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. 2007 Dec;37(12):754-62.
doi: 10.2519/jospt.2007.2471. Epub 2007 Aug 29.

Electromyographic Analysis of Core Trunk, Hip, and Thigh Muscles During 9 Rehabilitation Exercises


Electromyographic Analysis of Core Trunk, Hip, and Thigh Muscles During 9 Rehabilitation Exercises

Richard A Ekstrom et al. J Orthop Sports Phys Ther. .


Study design: Prospective, single-group, repeated-measures design.

Objective: To identify exercises that could be used for strength development and the exercises that would be more appropriate for endurance or stabilization training.

Background: The exercises analyzed are often used in rehabilitation programs for the spine, hip, and knee. They are active exercises using body weight for resistance; thus a clinician is unable to determine the amount of resistance being applied to a muscle group. Electromyographic (EMG) analysis can provide a measure of muscle activation so that the clinician can have a better idea about the effect the exercise may have on the muscle for strength, endurance, or stabilization.

Methods and measures: Surface EMG analysis was carried out in 19 males and 11 females while performing the following 9 exercises: active hip abduction, bridge, unilateral-bridge, side-bridge, prone-bridge on the elbows and toes, quadruped arm/lower extremity lift, lateral step-up, standing lunge, and using the Dynamic Edge. The rectus abdominis, external oblique abdominis, longissimus thoracis, lumbar multifidus, gluteus maximus, gluteus medius, vastus medialis obliquus, and hamstring muscles were studied.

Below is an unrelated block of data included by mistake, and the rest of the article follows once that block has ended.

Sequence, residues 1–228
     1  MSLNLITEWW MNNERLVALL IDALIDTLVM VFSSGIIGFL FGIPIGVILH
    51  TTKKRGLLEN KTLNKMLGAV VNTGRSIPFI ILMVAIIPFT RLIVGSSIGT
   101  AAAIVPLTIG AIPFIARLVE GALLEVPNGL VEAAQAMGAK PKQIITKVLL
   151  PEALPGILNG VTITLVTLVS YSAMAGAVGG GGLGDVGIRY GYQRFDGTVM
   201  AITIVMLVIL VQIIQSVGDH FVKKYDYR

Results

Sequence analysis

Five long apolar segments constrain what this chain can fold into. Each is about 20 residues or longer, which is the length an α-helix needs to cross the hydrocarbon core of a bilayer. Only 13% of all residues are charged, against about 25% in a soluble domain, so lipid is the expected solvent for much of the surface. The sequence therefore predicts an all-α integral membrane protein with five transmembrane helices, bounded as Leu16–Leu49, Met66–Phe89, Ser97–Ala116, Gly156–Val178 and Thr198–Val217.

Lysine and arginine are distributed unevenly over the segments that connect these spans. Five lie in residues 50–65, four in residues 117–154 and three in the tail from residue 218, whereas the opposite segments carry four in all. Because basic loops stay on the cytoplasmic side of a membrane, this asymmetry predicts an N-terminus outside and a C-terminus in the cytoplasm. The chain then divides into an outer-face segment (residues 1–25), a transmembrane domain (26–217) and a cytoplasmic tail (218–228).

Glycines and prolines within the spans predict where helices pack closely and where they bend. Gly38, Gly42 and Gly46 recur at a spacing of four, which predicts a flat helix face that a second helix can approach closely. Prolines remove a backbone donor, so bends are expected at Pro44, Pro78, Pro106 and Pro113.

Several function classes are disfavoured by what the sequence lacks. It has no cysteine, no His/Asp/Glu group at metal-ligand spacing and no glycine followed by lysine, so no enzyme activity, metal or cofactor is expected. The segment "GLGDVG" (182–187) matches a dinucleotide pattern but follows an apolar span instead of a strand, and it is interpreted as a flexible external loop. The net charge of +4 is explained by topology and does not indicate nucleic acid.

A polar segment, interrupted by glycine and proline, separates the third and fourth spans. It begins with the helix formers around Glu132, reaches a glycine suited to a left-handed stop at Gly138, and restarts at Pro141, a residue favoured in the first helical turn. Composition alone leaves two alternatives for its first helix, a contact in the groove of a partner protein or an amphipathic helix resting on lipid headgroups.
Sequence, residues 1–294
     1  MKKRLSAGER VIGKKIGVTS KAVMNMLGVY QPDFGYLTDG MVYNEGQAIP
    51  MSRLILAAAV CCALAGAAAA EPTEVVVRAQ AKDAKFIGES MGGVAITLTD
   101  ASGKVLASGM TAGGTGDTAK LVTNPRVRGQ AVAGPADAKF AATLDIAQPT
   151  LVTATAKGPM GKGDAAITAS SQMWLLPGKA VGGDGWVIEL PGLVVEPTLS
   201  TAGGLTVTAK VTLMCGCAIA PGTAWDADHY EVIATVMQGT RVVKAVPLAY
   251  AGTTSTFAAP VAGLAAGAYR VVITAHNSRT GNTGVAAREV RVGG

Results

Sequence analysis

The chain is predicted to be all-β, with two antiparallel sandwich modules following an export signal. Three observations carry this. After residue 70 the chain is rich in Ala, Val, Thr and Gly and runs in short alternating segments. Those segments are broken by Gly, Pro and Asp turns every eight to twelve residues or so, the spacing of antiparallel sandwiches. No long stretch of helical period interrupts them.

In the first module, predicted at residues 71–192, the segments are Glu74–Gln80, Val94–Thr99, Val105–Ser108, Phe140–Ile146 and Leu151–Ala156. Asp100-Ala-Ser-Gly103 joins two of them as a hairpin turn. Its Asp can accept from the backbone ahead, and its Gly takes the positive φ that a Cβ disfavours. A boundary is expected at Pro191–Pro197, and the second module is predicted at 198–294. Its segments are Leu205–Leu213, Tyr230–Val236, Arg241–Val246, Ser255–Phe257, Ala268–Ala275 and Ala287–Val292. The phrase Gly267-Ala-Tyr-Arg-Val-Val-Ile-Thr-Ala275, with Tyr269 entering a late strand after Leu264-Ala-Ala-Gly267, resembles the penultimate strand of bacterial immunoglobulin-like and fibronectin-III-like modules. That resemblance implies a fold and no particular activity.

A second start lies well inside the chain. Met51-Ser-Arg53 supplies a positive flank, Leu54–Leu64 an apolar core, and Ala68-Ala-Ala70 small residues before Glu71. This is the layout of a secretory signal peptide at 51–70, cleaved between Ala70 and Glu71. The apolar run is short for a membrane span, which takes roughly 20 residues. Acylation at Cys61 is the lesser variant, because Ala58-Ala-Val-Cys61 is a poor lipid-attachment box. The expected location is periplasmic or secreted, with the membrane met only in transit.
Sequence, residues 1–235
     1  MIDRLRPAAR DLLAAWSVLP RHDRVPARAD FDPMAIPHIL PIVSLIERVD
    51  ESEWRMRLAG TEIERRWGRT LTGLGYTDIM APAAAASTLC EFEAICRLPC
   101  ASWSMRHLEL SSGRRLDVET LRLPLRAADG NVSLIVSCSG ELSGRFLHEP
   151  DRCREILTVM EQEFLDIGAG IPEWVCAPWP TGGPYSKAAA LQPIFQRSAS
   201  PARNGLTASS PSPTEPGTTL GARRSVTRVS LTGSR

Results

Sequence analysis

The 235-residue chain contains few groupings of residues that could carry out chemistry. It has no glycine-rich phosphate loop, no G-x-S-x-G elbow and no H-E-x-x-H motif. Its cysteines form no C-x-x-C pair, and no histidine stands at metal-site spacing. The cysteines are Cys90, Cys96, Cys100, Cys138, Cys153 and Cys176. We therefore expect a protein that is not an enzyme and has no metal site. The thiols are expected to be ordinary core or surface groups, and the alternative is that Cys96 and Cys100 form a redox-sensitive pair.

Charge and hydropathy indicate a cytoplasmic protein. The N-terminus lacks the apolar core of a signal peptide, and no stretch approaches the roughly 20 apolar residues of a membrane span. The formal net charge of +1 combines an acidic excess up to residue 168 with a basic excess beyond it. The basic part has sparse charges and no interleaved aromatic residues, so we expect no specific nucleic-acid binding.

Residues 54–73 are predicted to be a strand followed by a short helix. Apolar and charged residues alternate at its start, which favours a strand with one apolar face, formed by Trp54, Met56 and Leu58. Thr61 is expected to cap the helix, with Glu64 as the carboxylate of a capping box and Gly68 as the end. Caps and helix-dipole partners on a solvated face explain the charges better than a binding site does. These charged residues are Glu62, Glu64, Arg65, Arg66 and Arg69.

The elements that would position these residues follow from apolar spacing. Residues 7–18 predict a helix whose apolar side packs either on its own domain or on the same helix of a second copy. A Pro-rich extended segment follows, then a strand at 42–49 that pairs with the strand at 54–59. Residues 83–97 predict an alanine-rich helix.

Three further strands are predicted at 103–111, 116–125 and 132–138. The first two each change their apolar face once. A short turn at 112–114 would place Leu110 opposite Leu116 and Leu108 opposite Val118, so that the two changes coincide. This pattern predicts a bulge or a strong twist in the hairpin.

Results: In healthy subjects, the lateral step-up and the lunge exercises produced EMG levels greater than 45% maximum voluntary isometric contraction (MVIC) in the vastus medialis obliquus, which suggests that they may be beneficial for strengthening that muscle. The side-bridge exercise could be used for strengthening the gluteus medius and the external oblique abdominis muscles, and the quadruped arm/lower extremity lift exercise may help strengthen the gluteus maximus muscle. All the other exercises produced EMG levels less than 45% MVIC, so they may be more beneficial for training endurance or stabilization in healthy subjects.

Conclusion: Our results suggest these exercises could be used for a core rehabilitation or performance enhancement program. Depending on the individual needs of a patient or athlete, some of the exercises may be more beneficial than others for achieving strength.

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